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The Occult Origins of Mohiniyattam: Part 20

The Occult Origins of Mohiniyattam: Part 20

How the establishment of kalaris and cultural exchange programmes across south India led to Mohiniyattam taking different forms rooted in local ethos.

Nirmala Paniker
By Nirmala Paniker10 November 2021
Dance

How the establishment of kalaris and cultural exchange programmes across south India led to Mohiniyattam taking different forms rooted in local ethos.

In our earlier articles, we have described the extent to which Swathi Thirunal patronized music and dance, especially Mohiniyattam. In fact, artists who heard of his fame used to come to Travancore palace in large numbers from all over India and receive gifts from him. Unfortunately, Mohiniyattam did not develop much in Travancore after Swathi Thirunal’s reign.

Several Kaḷaris or training centres for Dasiyattam training were established in the Vijayanagara Kingdom in the present Andhra Pradesh, Tanjavore in Tamil Nadu and Thiruvananthapuram in Kerala during Swathi Thirunal’s reign. Artists from these Kaḷaris interacted with each other constantly and the female dancers and the Naṭṭuvans (accompanying percussionist in Bharatanatyam or any classical dance art form) often used to go to other Kaḷaris for training as well as for performance.

The political rule often changed hands, and the styles of dancing also got variously influenced due to this. Telugu, Tamil, Marathi, Kannada, Sanskrit, Hindi and Malayalam works were commonly used in the dasiyattam compositions. Even though the styles were different, due to the constant and abundant cultural exchange that occurred during this period, certain similarities started evolving in traditional Devadasi dance forms, more specifically in Mohiniyattam and Bharatanatyam.

Deterioration of Mohiniyattam

After Swathi’s period, local variations prevailed in Mohiniyattam in the Palakkad and Valluvanad areas. These dance forms mainly depicted stories of Gods as noted in Chilappatikaram. The ethnic touch did not altogether disappear from the northern style. In the north of Bharatapuzha, Palakkad, Valluvanad and Thalappilli taluks, there were many families of Mohiniyattam dancers.

Nattuvan Krishna Panicker was one among them. It was Panicker and his disciples who taught Mohiniyattam in Kalamandalam. Here, at last, the history of Mohiniyattam took a diverse mode – a new phase of vigour and popularity dawned upon it.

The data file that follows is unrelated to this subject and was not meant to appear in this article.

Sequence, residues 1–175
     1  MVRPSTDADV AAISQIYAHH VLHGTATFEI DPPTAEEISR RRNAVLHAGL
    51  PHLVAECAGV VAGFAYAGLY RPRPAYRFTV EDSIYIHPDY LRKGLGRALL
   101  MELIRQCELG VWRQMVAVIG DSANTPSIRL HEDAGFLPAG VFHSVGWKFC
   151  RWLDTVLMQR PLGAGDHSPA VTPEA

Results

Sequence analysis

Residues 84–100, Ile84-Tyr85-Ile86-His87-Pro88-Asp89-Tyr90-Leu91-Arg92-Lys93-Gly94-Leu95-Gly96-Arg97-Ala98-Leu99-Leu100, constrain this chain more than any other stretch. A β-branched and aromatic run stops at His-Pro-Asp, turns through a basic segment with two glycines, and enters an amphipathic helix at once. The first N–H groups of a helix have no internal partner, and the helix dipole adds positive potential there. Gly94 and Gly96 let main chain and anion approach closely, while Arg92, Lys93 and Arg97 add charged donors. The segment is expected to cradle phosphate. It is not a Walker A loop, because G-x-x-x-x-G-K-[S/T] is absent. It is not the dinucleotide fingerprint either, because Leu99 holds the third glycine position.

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The first half of the 18th Century saw the decline of Mohiniyattam. It was debased to such an extent that some scholars even wanted to ban its performance. But great connoisseurs such as Vallathol Narayana Menon (Mahakavi Vallathol) realizing the potential and inner truth of these dance forms took initiative to preserve them by launching a Mohiniyattam Kaḷari at Kalamandalam. Perhaps due to the defamation, it had suffered for a prolonged period, only a few selected items were included in the syllabus.

It is already mentioned that Mohiniyattam also had an endemic tradition of various ethnic styles such as the ‘Poli’, ‘Kuṟatti’, ‘Mukkutti’, ‘Ēsal’, Candanam and Kummi. All these have a folk touch in them and are performed in simple formats.

In many of the ancient folk and ritualistic arts such as Theyyam, Kurattiayattam, Kakkarissi plays and Pana Porattu, which still exist in certain pockets of Kerala, we find the same traditions even now with local variations. A detailed study of these art forms unfolds the fact that these were actually remnants of the Mohiniyattam tradition of revering the Mother Goddess.

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“In the course of time art forms deteriorate due to many reasons. While degradation is inevitable to a certain degree, it remains a fact that these could be revived and brought to their former state of glory,” writes P Krishnan Nair in his book Attakkatha or Kathakali: A Critical Study. This inspired me to study these lost dance forms such as Poli, Esal, Chandanam and Kurathy, etc. Many of these are on the verge of extinction due to a lack of proper nourishment.

Moreover, the dancers are distracted as they have to also look for lucrative occupations for their day-to-day survival. The woman who danced at the entrance of the temple facing the deity was called ‘Tevatissi’. This was a rank conferred to them by the temple authorities. Later when the dance form degenerated leading to drastic changes in the life of the dancers, the very word ‘Tevatissi’ began to be used with a vulgar connotation.

Read Part 19

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Assisted by Sreekanth Janardhanan
By Nirmala Paniker10 November 2021